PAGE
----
3-30-300 green neighborhood rule

Ready for some climate action? Data analysis reveals poorer neighborhoods are predominantly made of concrete (although we already knew that for the most part). Less access to green space, parks & trees for poorer residents is a sad observation. Now there are always counter forces, but the data speaks clear language. Urban green space offers a wide range of essential benefits to citizens. As a policymaker, how can you capitalize on this? The 3-30-300 rule?!

Climate adaptation & well-being hand in hand
Time is of the essence in the race against climate change. Besides reducing CO2 emissions, carbon sequestration offers additional strategies. Planting forests is 1 way, maintaining trees in cities and towns might be even better because the value of trees in public spaces is multicolored. After all, trees have a proven positive effect on people's health. How does that work? Check out the whitepaper from earlier this year..

Green neighborhoods with the 3-30-300 rule
The 3-30-300 rule is intended to help make cities greener in a more targeted way by creating parks and urban greening in the built environment. This was co-invented by Prof. Cecil Konijnendijk van den Bosch, now Director of the Nature Based Solutions Institute & Program Director (Master of Urban Forestry Leadership) at the University of British Columbia.

  1. 3 trees from every home
  2. The 1st rule is that every citizen should be able to see at least 3 trees (of a decent size) from their home. Recent research demonstrates the importance of nearby, especially visible, green for mental health and wellbeing.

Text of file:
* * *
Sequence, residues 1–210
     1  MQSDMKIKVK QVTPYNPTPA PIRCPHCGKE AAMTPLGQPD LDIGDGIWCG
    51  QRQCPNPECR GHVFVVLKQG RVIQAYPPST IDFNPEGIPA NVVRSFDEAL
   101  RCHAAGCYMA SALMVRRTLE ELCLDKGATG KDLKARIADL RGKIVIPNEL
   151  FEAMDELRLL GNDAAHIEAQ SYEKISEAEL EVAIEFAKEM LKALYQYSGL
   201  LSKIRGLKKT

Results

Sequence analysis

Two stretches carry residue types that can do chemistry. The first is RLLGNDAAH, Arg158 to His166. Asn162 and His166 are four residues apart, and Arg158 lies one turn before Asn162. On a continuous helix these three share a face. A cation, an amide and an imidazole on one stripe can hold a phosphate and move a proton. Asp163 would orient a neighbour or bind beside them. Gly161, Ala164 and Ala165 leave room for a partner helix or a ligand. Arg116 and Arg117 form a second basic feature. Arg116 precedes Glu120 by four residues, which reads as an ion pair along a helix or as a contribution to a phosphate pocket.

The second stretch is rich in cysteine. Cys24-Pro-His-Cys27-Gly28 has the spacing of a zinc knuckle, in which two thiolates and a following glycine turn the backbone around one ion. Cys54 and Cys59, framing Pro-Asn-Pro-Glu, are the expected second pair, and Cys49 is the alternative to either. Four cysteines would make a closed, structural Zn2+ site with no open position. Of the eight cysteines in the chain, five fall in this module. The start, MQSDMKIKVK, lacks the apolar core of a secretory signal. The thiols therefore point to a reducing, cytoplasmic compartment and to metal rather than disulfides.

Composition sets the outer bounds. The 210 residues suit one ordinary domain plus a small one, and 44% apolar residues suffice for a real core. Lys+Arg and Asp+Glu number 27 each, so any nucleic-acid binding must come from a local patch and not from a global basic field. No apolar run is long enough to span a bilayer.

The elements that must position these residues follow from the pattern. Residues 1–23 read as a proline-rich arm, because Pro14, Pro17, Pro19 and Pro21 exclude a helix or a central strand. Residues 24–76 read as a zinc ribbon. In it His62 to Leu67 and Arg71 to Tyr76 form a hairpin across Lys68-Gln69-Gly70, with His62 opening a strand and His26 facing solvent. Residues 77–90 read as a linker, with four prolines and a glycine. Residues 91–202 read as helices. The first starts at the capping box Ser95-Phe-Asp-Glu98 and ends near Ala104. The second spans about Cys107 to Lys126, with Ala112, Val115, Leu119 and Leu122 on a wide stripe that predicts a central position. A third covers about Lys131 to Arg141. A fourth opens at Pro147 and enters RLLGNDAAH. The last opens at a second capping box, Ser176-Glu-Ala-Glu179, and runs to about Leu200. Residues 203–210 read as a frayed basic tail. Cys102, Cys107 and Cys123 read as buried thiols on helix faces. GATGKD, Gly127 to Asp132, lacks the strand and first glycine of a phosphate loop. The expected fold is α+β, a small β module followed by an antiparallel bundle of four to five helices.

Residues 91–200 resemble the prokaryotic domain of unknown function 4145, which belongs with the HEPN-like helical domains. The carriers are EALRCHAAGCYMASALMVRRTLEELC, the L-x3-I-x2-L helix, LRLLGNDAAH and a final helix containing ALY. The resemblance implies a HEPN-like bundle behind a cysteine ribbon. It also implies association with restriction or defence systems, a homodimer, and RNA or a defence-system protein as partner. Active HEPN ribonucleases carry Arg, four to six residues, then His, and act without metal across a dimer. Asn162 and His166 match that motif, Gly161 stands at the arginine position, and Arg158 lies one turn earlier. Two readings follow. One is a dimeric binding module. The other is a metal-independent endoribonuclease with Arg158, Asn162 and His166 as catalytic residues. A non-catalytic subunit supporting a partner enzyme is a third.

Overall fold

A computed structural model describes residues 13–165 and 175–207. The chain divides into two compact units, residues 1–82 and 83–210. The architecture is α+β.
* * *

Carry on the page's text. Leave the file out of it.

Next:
3. 30% tree canopy cover in every neighborhood
  4. At the neighborhood level at least 30% canopy cover? Cities should actually strive for an even higher coverage. Studies have shown an association between urban forest canopy and, for example, cooling, better microclimates, mental and physical health, and possibly also reducing air pollution and noise. Who doesn’t want that?
  5. 300 meters from the nearest park or green space
  6. Within 300 meters or a safe 5-10 minute walk, people should have access to a high-quality green space where you can recreate. This is recommended by The European Regional Office of the World Health Organization.

3x green municipality rules Source: Nature Based Solutions Institute

Treetracker Plan
Treetracker Plan provides top information for green policy makers in the Benelux. More and more municipalities (digital tree experts) are working to unleash green potential. Want to know more? Download the factsheet or contact Dirk via d.vanriel@sobolt.com.

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